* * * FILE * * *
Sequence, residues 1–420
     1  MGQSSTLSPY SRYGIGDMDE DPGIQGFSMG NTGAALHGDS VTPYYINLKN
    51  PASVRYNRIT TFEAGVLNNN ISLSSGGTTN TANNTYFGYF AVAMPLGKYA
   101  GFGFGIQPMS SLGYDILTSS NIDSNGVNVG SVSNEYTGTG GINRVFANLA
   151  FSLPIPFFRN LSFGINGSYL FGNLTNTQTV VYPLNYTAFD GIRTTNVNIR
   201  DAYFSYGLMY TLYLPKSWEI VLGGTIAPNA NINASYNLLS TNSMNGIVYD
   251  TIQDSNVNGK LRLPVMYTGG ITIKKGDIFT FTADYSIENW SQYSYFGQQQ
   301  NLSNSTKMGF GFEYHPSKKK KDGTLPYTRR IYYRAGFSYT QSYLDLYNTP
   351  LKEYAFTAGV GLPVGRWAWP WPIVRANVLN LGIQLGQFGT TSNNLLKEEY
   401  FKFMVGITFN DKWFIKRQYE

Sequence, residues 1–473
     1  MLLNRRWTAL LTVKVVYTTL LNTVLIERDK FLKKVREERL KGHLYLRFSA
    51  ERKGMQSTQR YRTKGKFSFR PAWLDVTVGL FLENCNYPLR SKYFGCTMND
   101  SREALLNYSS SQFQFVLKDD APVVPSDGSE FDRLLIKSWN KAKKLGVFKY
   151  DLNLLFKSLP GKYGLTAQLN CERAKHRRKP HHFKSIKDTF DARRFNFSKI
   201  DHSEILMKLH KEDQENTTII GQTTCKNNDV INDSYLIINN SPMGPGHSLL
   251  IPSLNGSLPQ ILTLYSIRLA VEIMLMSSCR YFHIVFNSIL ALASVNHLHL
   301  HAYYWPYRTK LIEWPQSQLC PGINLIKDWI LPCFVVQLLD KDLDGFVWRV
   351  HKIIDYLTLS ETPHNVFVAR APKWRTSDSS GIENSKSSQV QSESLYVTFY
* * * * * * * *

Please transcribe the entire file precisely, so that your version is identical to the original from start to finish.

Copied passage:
Sequence, residues 1–420
     1  MGQSSTLSPY SRYGIGDMDE DPGIQGFSMG NTGAALHGDS VTPYYINLKN
    51  PASVRYNRIT TFEAGVLNNN ISLSSGGTTN TANNTYFGYF AVAMPLGKYA
   101  GFGFGIQPMS SLGYDILTSS NIDSNGVNVG SVSNEYTGTG GINRVFANLA
   151  FSLPIPFFRN LSFGINGSYL FGNLTNTQTV VYPLNYTAFD GIRTTNVNIR
   201  DAYFSYGLMY TLYLPKSWEI VLGGTIAPNA NINASYNLLS TNSMNGIVYD
   251  TIQDSNVNGK LRLPVMYTGG ITIKKGDIFT FTADYSIENW SQYSYFGQQQ
   301  NLSNSTKMGF GFEYHPSKKK KDGTLPYTRR IYYRAGFSYT QSYLDLYNTP
   351  LKEYAFTAGV GLPVGRWAWP WPIVRANVLN LGIQLGQFGT TSNNLLKEEY
   401  FKFMVGITFN DKWFIKRQYE

Sequence, residues 1–473
     1  MLLNRRWTAL LTVKVVYTTL LNTVLIERDK FLKKVREERL KGHLYLRFSA
    51  ERKGMQSTQR YRTKGKFSFR PAWLDVTVGL FLENCNYPLR SKYFGCTMND
   101  SREALLNYSS SQFQFVLKDD APVVPSDGSE FDRLLIKSWN KAKKLGVFKY
   151  DLNLLFKSLP GKYGLTAQLN CERAKHRRKP HHFKSIKDTF DARRFNFSKI
   201  DHSEILMKLH KEDQENTTII GQTTCKNNDV INDSYLIINN SPMGPGHSLL
   251  IPSLNGSLPQ ILTLYSIRLA VEIMLMSSCR YFHIVFNSIL ALASVNHLHL
   301  HAYYWPYRTK LIEWPQSQLC PGINLIKDWI LPCFVVQLLD KDLDGFVWRV
   351  HKIIDYLTLS ETPHNVFVAR APKWRTSDSS GIENSKSSQV QSESLYVTFY